ST GEORGES, Grenada — Grenada has announced that it will join the recent round of price cuts for regional economic citizenship precipitated by St Kitts and Nevis in September, which has been widely viewed as an unproductive “race to the bottom”.
According to Investment Migration Insider, the chair of Grenada’s Citizenship by Investment Committee, Kaisha Ince, announced during the 11th Global Residence and Citizenship Conference in Hong Kong last week, that the Grenada citizenship by investment programme (CIP) will see some significant changes before the end of the year.
Chief among them is the lowering of the contribution requirement for a single applicant from US$200,000 to $150,000. The Cabinet has reportedly approved the change, which will come into effect once the corresponding CBI regulation amendment is gazetted sometime before the end of this year.
St Kitts and Nevis initiated the current price war and this was followed by Antigua and Barbuda. Dominica and Saint Lucia were already at the lower end of the scale, although Dominica may have to rethink its pricing for the typical family of four application unit.
Grenada therefore found itself at a significant cost disadvantage for its CIP compared to the five Eastern Caribbean countries. The upcoming reduction will bring the programme closer in line with pricing elsewhere in the region, but the price tag is still 50 percent above three of its competitors, a premium many industry observers have argued that Grenada can command as a party to the United States E2 investor visa treaty and the only Caribbean CIP country to offer visa-free access to China.
The Grenada Citizenship by Investment Committee has further announced that dependent children may be aged up to 30 years old and are no longer required to be enrolled in school. Previously, only children under the age of 26 who were currently enrolled in school qualified as dependents.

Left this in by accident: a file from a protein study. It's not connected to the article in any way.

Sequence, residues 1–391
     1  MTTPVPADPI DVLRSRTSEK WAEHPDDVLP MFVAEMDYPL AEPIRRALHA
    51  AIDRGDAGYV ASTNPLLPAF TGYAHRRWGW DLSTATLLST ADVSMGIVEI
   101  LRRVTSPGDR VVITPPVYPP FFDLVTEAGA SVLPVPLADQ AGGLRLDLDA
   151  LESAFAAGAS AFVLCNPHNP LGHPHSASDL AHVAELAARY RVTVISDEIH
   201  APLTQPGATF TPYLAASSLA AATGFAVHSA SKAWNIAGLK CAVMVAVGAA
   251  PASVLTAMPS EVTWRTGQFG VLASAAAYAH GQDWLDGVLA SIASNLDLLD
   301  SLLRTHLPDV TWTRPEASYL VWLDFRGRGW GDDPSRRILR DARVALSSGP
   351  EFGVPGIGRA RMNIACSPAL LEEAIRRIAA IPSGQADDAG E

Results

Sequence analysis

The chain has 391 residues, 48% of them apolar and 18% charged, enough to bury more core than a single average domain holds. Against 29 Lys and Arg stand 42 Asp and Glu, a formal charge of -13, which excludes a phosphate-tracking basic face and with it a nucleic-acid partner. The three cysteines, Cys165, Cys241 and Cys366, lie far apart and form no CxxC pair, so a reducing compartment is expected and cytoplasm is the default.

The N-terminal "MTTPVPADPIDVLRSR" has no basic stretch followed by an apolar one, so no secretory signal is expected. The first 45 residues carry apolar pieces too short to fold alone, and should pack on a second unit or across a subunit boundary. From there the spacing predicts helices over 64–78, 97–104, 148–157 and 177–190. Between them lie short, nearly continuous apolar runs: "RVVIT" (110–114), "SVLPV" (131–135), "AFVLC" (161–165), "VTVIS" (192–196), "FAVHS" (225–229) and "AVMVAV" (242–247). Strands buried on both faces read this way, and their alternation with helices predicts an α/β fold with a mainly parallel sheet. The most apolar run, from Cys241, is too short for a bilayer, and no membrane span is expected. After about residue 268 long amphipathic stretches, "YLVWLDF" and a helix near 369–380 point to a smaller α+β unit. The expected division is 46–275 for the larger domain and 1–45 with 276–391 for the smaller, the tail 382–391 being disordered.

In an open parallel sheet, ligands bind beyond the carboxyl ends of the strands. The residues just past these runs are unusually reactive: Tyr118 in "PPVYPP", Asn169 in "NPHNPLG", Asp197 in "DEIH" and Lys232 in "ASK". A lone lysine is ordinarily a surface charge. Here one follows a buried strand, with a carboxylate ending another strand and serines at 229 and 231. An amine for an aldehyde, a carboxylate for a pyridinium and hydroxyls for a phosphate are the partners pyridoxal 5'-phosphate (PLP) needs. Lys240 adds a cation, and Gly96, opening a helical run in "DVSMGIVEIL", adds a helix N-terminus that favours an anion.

Dependent parents above the age of 55, moreover, will no longer be required to pay the additional contribution of US$50,000 to qualify. The program regulations had previously only waived the additional contribution requirement for aged dependents over 65.
Antigua and Barbuda Prime Minister Gaston Browne recently launched his own initiative to harmonise the regional citizenship by investment programmes.
“I have been an advocate for harmonisation and better coordination and cooperation among member states of the OECS that offer citizenship by investment programmes. It’s the right thing to do; it’s the sensible thing to do to protect the integrity of our respective programmes. We don’t want to have a situation where there is a race to the bottom,” he told Caribbean News Now in an exclusive interview earlier this month.
“In fact, I’ve gone as far to have written to the various country heads requesting a forum where we could come together to decide on harmonisation, not only harmonisation in terms of fees but certainly on due diligence standards to ensure that there is absolutely no possibility for anyone to exploit our due diligence process, so that you would not have a situation where one country rejects an application and they can go to another country and get it approved. There has to be some level of cooperation,” Browne said.
At a recent Investment Immigration Summit East Asia in Hong Kong, asked whether Dominica will follow St Kitts and Antigua in the recent controversial reduction of its CBI programme prices, Prime Minister Roosevelt Skerrit replied, “The government of Dominica has not taken any decision in respect to this matter. What I would like to see though, for the long-term benefit of the programme, is for there to be a base price for all the categories within our programmes based on a gentlemen agreement, that we shouldn’t go below a particular price point.”
A meeting was reportedly to have been held between the five heads of government to discuss such a common approach on the margins of the recent United Nations post-hurricane donor pledging conference in New York but there has been no word of any outcome.